If you’ve ever watched something like the Olympics where young people are competing, you have probably heard the stories of sacrifices that they have made to be at the top of their game This book tells the story of a young woman who is at the top of her game in the world of classical music. She has given up many normal teenage things, like school and boyfriends, in order to have a serious career as a violinist. It is clear that the author has experience in this particular area because you really feel the pull between Carmen’s two worlds. She wants to be a normal teenager, but she loves playing and performing. To throw a little twist into the story, there is the matter of the beta blockers Carmen takes in order to perform. Perhaps a symptom of her inner conflict, the stage fright is making her question whether what she has given up is worth it to win.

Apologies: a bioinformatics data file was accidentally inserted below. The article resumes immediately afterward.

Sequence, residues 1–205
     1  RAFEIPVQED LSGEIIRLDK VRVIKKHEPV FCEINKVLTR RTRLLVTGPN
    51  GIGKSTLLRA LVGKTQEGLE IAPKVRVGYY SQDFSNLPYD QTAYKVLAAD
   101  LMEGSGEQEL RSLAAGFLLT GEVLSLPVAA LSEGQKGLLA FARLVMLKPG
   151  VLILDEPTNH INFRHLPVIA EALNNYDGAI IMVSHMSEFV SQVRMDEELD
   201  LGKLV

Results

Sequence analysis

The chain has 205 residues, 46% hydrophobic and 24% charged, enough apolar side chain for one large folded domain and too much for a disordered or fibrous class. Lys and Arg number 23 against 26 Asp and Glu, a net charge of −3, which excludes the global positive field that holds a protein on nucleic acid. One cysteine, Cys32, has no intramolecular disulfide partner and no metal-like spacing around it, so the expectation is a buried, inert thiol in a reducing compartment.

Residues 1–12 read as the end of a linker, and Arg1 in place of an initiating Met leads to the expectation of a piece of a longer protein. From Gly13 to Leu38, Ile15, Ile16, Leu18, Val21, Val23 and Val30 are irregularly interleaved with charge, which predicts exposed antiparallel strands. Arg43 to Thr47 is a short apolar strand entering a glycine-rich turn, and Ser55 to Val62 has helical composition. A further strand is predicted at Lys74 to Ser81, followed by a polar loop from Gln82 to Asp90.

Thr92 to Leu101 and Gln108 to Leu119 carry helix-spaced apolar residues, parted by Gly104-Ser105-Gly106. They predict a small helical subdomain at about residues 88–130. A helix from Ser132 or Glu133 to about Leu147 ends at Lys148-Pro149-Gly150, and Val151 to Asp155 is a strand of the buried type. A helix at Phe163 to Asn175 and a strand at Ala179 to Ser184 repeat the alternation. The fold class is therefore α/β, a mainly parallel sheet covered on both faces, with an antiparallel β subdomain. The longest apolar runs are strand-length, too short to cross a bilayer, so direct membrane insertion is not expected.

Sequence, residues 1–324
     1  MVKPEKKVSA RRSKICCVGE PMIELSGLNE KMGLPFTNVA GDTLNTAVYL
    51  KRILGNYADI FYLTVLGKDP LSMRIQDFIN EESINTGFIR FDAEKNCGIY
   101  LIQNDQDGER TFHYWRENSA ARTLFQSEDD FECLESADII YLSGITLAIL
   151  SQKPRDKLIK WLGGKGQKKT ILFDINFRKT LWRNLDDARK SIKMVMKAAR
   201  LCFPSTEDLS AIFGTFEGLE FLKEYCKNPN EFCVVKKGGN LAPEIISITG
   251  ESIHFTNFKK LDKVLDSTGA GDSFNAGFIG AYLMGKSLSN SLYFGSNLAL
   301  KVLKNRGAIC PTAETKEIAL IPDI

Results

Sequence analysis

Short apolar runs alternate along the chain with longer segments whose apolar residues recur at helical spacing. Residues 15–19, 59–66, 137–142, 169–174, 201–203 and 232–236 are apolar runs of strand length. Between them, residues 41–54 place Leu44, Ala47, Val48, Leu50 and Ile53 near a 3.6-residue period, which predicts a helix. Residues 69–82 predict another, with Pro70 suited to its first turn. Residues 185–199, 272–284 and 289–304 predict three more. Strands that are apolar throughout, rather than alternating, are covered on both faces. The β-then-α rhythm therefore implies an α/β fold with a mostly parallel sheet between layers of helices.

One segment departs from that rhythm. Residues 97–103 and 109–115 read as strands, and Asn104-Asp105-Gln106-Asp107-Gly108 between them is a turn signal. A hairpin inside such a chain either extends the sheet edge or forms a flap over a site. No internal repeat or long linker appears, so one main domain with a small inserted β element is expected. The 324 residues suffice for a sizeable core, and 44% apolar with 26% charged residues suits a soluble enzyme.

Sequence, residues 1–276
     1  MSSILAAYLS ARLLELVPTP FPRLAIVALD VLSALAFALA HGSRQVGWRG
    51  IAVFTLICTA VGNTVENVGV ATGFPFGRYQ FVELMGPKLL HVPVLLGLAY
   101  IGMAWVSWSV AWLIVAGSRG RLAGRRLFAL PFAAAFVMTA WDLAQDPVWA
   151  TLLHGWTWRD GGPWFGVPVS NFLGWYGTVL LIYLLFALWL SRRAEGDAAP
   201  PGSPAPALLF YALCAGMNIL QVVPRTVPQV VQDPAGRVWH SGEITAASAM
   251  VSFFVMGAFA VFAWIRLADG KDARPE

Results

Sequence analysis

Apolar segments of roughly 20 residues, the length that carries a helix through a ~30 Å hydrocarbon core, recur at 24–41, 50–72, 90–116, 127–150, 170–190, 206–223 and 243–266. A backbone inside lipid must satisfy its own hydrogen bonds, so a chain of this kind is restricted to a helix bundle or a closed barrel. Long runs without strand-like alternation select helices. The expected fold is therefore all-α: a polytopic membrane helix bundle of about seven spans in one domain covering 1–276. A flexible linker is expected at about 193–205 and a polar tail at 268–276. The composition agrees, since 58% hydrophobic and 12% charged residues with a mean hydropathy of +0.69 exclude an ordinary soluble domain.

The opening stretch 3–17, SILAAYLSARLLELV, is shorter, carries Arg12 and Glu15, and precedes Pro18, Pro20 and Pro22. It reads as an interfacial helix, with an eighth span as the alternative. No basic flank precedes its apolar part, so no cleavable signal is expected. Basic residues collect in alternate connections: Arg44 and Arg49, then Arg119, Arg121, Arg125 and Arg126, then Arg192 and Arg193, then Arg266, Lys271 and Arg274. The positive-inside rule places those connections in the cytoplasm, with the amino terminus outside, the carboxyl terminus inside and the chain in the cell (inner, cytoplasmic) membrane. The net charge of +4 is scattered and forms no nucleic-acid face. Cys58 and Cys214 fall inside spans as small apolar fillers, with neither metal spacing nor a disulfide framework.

I really enjoyed this book. Carmen’s relationship with her mother is complicated; she is simultaneously treated like a child and expected to behave as an adult. Her rebellion and subsequent questioning of her whole life feels so emotionally sincere. Jeremy is a catalyst, but I give Jessica Martinez a lot of credit because, in the end, the decision is one that Carmen makes because she wants control of her own destiny, not because she wants to be with a boy. I gave this book 4 stars.
I received this book as a galley from the publisher in exchange for my honest review.